Navigating through the supplements aisle can be a harrowing experience. There are big claims on labels, though some have no proven repeatable results and are sold with interesting fine print. We’ll skip shiny labels and go straight to the science. If a certain supplement can show consistent results when carried out by different clinicians, in different years, in different parts of the world, it’s worth looking at. Today’s focus is on Coenzyme Q10 and Autism.
The ink is barely dry on this study (1): “Coenzyme Q10 supplementation reduces oxidative stress and decreases antioxidant enzyme activity in children with autism spectrum disorders.” Based on their subjects, which included children in various ranges of the spectrum, high doses of CoQ10 improved gastrointestinal problems and sleep disorders. This isn’t news…
In another study (2) using ubiquinol (considered an advanced form of CoQ10): “...after three months of supportive therapy with ubiquinol at a daily dose 2 × 50 mg...improved symptoms in children with autism, as communication with parents (increased 12%), verbal communication (increased 21%), playing games of children (increased 42%), sleeping (increased 34%), and food rejection (increased 17%)”.
TIP WHEN BUYING (true for all supplements)
Examine the ingredients for fillers, sweeteners, allergens, coloring agents, and other items that are disruptors (such as soy). Quality counts and will affect results. Some products are worlds away from their less expensive counterparts and well worth the extra dollars.
THE FOOD FACTOR
There are common denominators in many disorders and if not the direct cause, as we often see with gluten, certain foods can make a bad situation worse. How often do you see celery causing health issues or adding further stress to an ill body? How about gluten and dairy?
Gluten antibodies are found in 87% of autistic children compared to 1% of normal children(3). The key element here is antibodies, not Celiac diagnoses. Celiac has a scientifically measurable spectrum(4). However, unlike Autism, where a child would still be diagnosed at the low end, with Celiac they are not. With Celiac, they have to be at final stage of intestinal devastation before being diagnosed, even though they’re reacting to gluten in earlier stages as well.
In a large study, almost 11,000 Swedish children with Celiac and over 12,000 of their siblings: “Childhood celiac disease was identified as a risk factor for mood disorders, anxiety disorders, eating disorders, behavioral disorders, ADHD, ASD, and intellectual disability.” (5)
Seems like a simple issue of early screening, right? No, not so simple. Some 90% of people who are affected either test false negative based on North American Celiac testing standards or they fly under the radar entirely. Gastroenterology says that for every person diagnosed with Celiac, 8 others are not (6). Europe has started moving towards using antibodies to diagnose instead of biopsy, which leads to earlier diagnoses. This is fantastic and will hopefully be implemented worldwide sooner than later.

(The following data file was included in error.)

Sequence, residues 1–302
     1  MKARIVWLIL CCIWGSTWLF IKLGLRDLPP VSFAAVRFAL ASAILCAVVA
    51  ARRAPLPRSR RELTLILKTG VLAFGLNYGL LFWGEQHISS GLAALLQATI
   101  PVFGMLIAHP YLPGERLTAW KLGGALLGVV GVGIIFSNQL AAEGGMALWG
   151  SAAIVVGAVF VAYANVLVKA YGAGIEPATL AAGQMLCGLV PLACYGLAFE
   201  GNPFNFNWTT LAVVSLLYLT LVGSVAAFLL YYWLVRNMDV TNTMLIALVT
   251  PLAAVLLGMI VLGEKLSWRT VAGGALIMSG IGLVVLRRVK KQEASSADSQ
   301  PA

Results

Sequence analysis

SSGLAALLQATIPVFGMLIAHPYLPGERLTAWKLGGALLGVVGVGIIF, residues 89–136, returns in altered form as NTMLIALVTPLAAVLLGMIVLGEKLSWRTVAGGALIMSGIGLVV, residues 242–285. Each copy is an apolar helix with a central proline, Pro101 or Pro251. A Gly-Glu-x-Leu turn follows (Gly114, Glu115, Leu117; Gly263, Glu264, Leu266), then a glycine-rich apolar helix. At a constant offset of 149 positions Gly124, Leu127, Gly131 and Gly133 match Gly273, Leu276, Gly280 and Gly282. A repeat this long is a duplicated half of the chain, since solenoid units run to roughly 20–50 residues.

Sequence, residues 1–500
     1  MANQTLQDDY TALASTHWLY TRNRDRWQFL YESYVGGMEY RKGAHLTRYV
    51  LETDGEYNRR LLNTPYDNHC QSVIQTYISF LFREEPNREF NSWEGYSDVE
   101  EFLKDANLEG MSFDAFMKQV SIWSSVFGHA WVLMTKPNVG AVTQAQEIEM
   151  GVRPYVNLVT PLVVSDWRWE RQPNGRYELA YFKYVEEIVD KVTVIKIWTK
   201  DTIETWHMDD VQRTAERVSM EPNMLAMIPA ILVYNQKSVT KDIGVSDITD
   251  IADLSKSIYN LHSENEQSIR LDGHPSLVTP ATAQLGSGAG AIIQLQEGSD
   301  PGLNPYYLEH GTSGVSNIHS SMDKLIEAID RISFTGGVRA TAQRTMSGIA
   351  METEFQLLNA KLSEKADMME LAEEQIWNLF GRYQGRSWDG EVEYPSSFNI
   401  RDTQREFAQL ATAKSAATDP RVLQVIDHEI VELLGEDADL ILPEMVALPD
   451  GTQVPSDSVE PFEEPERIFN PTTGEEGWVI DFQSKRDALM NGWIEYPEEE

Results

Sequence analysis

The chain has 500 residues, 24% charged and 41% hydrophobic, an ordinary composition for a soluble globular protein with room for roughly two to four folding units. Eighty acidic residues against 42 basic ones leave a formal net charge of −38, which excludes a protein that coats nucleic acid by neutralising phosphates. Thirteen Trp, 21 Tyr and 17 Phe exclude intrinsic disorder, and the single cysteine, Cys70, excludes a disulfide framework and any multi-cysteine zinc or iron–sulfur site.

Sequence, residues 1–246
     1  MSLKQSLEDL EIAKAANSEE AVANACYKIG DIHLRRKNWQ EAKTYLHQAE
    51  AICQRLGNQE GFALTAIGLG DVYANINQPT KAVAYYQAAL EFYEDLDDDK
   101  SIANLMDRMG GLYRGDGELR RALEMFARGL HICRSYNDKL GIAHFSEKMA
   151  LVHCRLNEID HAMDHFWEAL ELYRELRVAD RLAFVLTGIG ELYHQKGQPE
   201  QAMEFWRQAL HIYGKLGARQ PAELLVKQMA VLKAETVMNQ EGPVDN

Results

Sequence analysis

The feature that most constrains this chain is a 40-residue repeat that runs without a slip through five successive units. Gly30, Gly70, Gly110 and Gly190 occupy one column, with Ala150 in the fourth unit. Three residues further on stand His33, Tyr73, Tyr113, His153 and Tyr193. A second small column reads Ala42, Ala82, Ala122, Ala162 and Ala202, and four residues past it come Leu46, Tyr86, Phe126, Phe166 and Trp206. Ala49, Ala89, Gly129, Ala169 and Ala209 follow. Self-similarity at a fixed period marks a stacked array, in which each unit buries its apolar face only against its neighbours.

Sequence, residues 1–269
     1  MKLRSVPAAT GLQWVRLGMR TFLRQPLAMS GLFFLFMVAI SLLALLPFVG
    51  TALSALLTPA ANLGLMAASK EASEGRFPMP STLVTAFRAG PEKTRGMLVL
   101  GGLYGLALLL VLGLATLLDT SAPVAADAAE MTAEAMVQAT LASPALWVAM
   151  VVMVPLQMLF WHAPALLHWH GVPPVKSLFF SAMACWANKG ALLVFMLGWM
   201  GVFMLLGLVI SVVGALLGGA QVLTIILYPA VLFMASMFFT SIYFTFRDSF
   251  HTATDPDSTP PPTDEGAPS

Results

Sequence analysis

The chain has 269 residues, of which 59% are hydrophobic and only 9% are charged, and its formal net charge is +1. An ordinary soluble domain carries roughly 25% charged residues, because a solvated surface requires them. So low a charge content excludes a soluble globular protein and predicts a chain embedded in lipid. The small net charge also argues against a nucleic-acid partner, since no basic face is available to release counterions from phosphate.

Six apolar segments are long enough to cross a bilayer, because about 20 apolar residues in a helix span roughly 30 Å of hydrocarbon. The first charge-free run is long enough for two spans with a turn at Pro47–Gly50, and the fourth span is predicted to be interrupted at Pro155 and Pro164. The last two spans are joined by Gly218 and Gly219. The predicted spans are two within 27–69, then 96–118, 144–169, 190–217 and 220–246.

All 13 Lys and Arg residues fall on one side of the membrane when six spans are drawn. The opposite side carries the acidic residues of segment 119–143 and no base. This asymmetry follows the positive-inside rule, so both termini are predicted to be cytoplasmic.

Either way, it’s a good idea to remove foods like gluten and dairy that hundreds of millions of people are reacting to. Don’t wait for the system to finally admit how harmful they are, nor for the snail pace of the medical system in improving methods for screening and diagnoses.
Stay hopefulbecause there are success stories every moment of every day. It’s a question of finding the formula that works in each case.
(1)Mousavinejad E, Ghaffari MA, Riahi F, Hajmohammadi M, Tiznobeyk Z, Mousavinejad M. Coenzyme Q(10) supplementation reduces oxidative stress and decreases antioxidant enzyme activity in children with autism spectrum disorders. Psychiatry Res. 2018 Jul;265:62-69. doi: 10.1016/j.psychres.2018.03.061. Epub 2018 Apr 4. PubMed PMID: 29684771.
(2) Gvozdjáková A, Kucharská J, Ostatníková D, Babinská K, Nakládal D, Crane FL. Ubiquinol improves symptoms in children with autism. Oxid Med Cell Longev.
2014;2014:798957. doi: 10.1155/2014/798957. Epub 2014 Feb 23. PubMed PMID: 24707344; PubMed Central PMCID: PMC3953391.
(3) Cade R., Privette M., Fregly M., et al. (2000). Autism and schizophrenia: intestinal disorders. Nutr. Neurosci. 3, 57–72. 10.3109/10284150009163451
(4) Eur J of Endocrinology (2002)146 479–483
(5) Agnieszka Butwicka MD, PhD, Paul Lichtenstein, PhD, Louise Frisén, MD, PhD, Catarina Almqvist, MD, PhD, Henrik Larsson, PhD, Jonas F. Ludvigsson, MD, PhD. Celiac Disease Is Associated with Childhood Psychiatric Disorders: A Population-Based Study. The Journal of Pediatrics. May 2017 Volume 184, Pages 87–93.e1
(6) Gastroenterology 2001;120:636-651